The library didn’t want it back

With some trepidation, I placed the book on the counter and explained how it came to be in this condition. Our kind local librarian said, “That’s OK, you keep it.” I think she just wanted it out of the library so she could wash the counter with boiling bleach.

There on page 123 was the evidence of my first bout of car sickness. I told my parents I wasn’t feeling well, but they refused to break up the family band for something as piddling as the stomach flu. One page and two blocks into the trip, I yarked on the book, my sister, and the back of the car seat. I haven’t been able to read in a car since, and the little church where we were playing got treated to one accordion, one banjo, one tambourine, and a really foul odor.

This little incident hasn’t dampened my love of books. I think us oldtimers are still sold on the kind of books that you can read in the bathtub without fear of electrocution. Problem is, you’ll need an oxygen tank and a sherpa to reach the top of my to-be-read pile.

Someday, I’d like to live in a house with a library: bookcases stacked to the ceiling, with a little slidy ladder. If you go to a used book store, you may find me in the stacks, huffing old book scent. It ranks somewhere between felt tip pens and fresh baked bread.

I was shocked to learn that my hometown newspaper, The Seattle Post-Intelligencer went out of “print” in 2009 in favor of electronic news. Damn tree huggers! Don’t you know that you’re trading convenience for trees? Those notebooks are not going to do you any good when you need to line your birdcage.

So how can a six inch screen compare to all that? For my birthday, I got a Nook. I’ve started building my electronic library, and to my surprise, I like it. My eyes no longer feel like they’ve been sandblasted, then squirted with lemon juice; I don’t have to wear the purple reading glasses (what was I thinking when I chose those frames?); and I look cool to all my techno friends who don’t realize that it’s the cheapest version they had. It still totally counts.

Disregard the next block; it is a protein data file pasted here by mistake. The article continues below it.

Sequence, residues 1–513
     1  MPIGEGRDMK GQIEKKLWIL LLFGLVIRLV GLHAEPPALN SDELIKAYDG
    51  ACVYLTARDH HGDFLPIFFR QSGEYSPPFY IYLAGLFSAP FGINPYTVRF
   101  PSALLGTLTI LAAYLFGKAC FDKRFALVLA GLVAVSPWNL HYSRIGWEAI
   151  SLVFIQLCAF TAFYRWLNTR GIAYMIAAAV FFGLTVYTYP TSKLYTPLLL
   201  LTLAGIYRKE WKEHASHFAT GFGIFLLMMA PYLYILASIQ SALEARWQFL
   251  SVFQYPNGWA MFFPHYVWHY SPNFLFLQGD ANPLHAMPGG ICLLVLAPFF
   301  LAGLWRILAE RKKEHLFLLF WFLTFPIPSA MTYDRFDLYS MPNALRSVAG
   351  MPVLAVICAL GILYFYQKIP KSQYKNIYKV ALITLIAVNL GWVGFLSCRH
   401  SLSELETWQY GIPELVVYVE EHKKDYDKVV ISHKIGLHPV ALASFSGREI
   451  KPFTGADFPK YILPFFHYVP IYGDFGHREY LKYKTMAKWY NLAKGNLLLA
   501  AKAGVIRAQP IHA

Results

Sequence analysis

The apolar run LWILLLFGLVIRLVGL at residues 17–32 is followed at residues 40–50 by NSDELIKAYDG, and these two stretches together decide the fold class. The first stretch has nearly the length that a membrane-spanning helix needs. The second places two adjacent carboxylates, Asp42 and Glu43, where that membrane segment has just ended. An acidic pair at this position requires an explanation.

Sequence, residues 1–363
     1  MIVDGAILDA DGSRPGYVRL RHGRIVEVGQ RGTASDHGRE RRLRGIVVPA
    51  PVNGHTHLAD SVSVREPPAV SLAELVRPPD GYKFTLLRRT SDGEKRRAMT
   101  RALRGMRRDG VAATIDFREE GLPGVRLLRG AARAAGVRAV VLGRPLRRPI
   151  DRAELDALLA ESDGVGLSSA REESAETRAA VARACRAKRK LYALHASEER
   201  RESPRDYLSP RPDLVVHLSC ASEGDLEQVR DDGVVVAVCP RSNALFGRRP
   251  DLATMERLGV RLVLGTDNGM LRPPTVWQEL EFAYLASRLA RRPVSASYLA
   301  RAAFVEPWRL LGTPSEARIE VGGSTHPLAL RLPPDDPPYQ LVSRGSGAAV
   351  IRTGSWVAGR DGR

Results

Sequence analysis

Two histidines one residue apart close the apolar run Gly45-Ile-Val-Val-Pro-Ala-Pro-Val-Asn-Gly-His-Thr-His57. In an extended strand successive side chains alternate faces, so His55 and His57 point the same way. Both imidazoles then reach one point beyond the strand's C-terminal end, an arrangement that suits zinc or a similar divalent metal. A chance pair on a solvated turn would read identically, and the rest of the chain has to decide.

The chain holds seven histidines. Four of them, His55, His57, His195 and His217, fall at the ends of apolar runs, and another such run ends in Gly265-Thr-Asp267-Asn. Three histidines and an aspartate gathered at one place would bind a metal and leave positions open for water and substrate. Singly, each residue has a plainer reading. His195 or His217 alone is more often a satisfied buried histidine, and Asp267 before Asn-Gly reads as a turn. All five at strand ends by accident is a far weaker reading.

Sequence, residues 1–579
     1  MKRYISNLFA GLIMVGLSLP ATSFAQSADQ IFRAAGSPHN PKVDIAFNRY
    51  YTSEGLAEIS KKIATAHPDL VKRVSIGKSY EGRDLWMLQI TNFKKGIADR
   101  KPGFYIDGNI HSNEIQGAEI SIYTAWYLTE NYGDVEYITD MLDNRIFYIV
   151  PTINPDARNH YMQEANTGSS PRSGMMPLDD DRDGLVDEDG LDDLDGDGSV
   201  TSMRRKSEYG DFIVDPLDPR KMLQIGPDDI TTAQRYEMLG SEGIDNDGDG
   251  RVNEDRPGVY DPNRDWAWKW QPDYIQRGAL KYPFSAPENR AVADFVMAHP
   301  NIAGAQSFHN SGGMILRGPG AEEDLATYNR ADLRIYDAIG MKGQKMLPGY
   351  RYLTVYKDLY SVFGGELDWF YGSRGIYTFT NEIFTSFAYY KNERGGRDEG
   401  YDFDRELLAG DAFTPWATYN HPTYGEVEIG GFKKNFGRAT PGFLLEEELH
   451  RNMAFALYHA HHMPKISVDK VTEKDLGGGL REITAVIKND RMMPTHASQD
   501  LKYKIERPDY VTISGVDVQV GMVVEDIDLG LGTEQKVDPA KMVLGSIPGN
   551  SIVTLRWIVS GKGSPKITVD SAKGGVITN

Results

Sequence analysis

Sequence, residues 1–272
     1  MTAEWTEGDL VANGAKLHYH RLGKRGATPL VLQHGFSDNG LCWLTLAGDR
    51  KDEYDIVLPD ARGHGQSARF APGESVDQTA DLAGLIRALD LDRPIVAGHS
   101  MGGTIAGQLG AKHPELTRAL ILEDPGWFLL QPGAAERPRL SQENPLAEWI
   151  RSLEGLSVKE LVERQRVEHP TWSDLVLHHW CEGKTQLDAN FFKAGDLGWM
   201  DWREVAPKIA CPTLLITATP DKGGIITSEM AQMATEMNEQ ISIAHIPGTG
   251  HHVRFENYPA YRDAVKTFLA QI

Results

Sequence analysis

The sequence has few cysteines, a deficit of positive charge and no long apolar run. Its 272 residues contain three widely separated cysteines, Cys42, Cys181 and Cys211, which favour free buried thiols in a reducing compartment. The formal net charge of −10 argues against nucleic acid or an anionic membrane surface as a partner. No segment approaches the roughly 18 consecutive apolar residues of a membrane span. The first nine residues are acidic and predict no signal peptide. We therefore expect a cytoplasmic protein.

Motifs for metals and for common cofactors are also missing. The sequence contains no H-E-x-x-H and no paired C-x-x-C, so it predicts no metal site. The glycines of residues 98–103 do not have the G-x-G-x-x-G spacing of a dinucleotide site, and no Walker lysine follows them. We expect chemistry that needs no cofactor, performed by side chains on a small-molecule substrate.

Best of all, I just discovered that Box of Rocks is now available for Nook at Barnes & Noble, so like a total dweeb, I immediately bought my own book to add to me eLibrary. (cheap plug)

So long as Ikea keeps producing cheap bookshelves, I don’t think we need to worry about the extinction of “real” books, but ebooks are definitely making a strong showing in the market. Too bad they don’t come with a slidy ladder.

9 thoughts on “The library didn’t want it back

  1. I love ebooks and digital audio. If you lose a print book, you have to buy a new one. Digital books are always there in your online library.

    And yes, they’re great for the environment!

  2. eBooks are wonderful and all…..we have a Kindle. However, I will always love shopping for and receiving real, paper books. The feel, the smell. It’s like a “comfort food”, only for the other senses.
    Two things I do love about eReaders: 1) Making the print Big so my old eyes can see without reading glasses or getting a headache, and 2) Being able to download a sampling of a book before you buy.
    Ah progress. It’s inevitable. And not so bad when you really think about it.
    🙂

  3. I never thought I would prefer a Nook to a paper book, but you make a compelling argument for buying one and for not reading in a moving vehicle!

  4. I love e-books now. I love to carry this small tablet around holding so many of my books. No more dusting shelves of books or reorganizing or looking through the house for that one missing book.

  5. I think my brother said that a stack of books are holding up a side of his bed. Like to see him do that with ebooks!

  6. What’s really funny is the tree-huggers have given printed books a new term: “dead tree books”

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